How to get rid of old gasoline, the hard way

Every other year or so we take the lawn mower to a local business, A. W. Brown, to it have cleaned and the blades sharpened. They remind us that it’s important to run the engine completely dry at the end of the season and not to use the leftover gas the following spring. The same rule applies to snow blowers. So what is one supposed to do with the leftover gas? Put it in the car’s gas tank, says A. W.

It sounds counter-intuitive to me to put old gas in a $25,000 car and not in a $500 lawn mower.  I brought this up at the gas station yesterday and some guy said it was because the car’s gas tank is so much bigger it can absorb the impurities in the old gas more easily than the little gas tanks can. That made sense to me, but what do I know? More to the point, what does he know? This wasn’t the service station guy, just someone getting gas for his own lawn mower. But I trust A. W. Brown and he said that’s what we should do so that’s what we were going to do—for the first time in the sixteen years he’s been telling us that. Maybe if we’d followed his advice earlier we wouldn’t be such regular customers.

I pump my own gas and I love the way it smells, so pouring gas from a can into a car seemed like a simple enough project for me to manage, but I quickly discovered that it required more than two hands. The first problem was that our two-gallon plastic gas can (which clearly can’t be a can if it’s plastic, but you get the idea) was awkward to manage with one hand. But even if I could have, the funnel that we use to get gas into the lawn mower was too short to push open the metal flap that covers the opening where the gas goes into the car.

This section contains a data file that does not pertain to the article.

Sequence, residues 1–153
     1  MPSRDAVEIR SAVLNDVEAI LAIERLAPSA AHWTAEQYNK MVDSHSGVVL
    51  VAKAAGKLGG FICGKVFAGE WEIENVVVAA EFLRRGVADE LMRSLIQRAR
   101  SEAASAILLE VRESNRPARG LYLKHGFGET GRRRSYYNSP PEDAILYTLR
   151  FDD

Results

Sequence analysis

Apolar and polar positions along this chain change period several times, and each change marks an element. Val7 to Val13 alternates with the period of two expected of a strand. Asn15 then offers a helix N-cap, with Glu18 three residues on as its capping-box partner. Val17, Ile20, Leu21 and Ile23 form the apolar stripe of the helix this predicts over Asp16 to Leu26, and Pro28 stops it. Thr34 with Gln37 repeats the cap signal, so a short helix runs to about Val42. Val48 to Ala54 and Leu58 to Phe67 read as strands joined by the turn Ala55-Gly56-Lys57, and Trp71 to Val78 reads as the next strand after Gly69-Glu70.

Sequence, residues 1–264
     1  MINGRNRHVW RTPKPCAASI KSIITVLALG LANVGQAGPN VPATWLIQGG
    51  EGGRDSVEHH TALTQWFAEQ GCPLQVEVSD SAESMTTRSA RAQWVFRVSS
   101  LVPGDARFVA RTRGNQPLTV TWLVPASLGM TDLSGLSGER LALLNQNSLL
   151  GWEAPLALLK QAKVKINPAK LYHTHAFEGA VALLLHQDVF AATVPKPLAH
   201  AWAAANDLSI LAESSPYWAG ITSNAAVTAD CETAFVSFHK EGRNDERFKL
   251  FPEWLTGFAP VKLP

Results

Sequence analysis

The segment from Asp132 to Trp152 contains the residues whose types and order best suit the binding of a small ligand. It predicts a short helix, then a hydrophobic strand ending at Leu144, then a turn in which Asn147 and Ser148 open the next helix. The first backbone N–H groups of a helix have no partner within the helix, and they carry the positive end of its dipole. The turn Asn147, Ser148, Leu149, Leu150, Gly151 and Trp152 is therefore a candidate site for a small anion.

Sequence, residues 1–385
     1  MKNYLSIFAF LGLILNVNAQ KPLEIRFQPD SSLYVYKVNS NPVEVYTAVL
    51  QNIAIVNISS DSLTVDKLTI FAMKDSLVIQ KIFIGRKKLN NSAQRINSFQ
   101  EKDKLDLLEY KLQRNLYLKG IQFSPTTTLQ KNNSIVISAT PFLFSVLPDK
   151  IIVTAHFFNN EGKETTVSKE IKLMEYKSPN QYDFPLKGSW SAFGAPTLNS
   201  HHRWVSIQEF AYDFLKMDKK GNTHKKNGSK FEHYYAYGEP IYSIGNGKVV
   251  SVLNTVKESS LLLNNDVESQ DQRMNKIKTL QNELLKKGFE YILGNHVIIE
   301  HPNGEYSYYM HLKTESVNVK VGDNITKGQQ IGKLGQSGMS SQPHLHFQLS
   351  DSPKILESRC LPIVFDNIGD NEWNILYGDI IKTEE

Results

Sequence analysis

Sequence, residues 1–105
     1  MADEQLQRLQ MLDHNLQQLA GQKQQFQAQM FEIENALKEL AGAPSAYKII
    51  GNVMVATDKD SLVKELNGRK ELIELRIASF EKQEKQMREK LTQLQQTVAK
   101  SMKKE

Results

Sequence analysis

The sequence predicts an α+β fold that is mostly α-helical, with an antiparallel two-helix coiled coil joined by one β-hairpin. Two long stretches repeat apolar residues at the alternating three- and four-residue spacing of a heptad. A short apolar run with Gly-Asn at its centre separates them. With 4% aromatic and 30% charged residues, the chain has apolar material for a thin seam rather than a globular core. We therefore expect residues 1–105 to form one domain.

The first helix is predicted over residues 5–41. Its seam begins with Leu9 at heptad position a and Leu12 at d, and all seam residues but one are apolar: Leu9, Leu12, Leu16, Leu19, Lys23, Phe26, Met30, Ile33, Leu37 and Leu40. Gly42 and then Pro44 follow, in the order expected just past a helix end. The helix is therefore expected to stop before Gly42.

plastic funnel

To do that, we needed to stick something through the funnel. I had just the thing. Before I’d gotten distracted by what was meant to be a five minute project emptying old gas into the car, I’d been uprooting dandelions with this:

dandelion tool

Even with four hands and the clever application of a tool for something other than its intended purpose, we weren’t quite there. We needed a smaller container for gas; something I could hold with one hand. A quick trip to the basement turned up another, smaller, funnel and a plastic bottle that we were willing to sacrifice to the project.  Thus armed, we returned to the strip of lawn that runs alongside our driveway to attempt transfer number one. Andrew held the smaller funnel in the bottle while I poured gas into it. I got some on my hands and some on the lawn, but mostly it went into the bottle.

Next, Andrew put the original funnel into the car and inserted the dandelion tool through it to push the flap open. I then poured the contents of the small plastic bottle into the funnel. It worked. Elated, we did it again, and again, and a few more agains, until both our good spirits and the gas can were drained. Then it was off to the gas station to refill the can so the cycle could begin again.

Today’s errand? A trip to the hardware store for one of these:

gas can with spout

Welcome to spring!


5 responses to “How to get rid of old gasoline, the hard way

  1. Let me be the first to welcome our new gas jug and its pointy spout.

  2. Only Judy could make such a project so very interesting! Happy spring indeed!

  3. This makes me wonder what my husband does with the old gas from the lawnmower. I’ll have to ask him. I swear he beats the crap out it every year because he loves the challenge of taking it apart and fixing it.

  4. For a lawn the size of yours, you totally want a a battery electric mower — here’s the one we have that we love:

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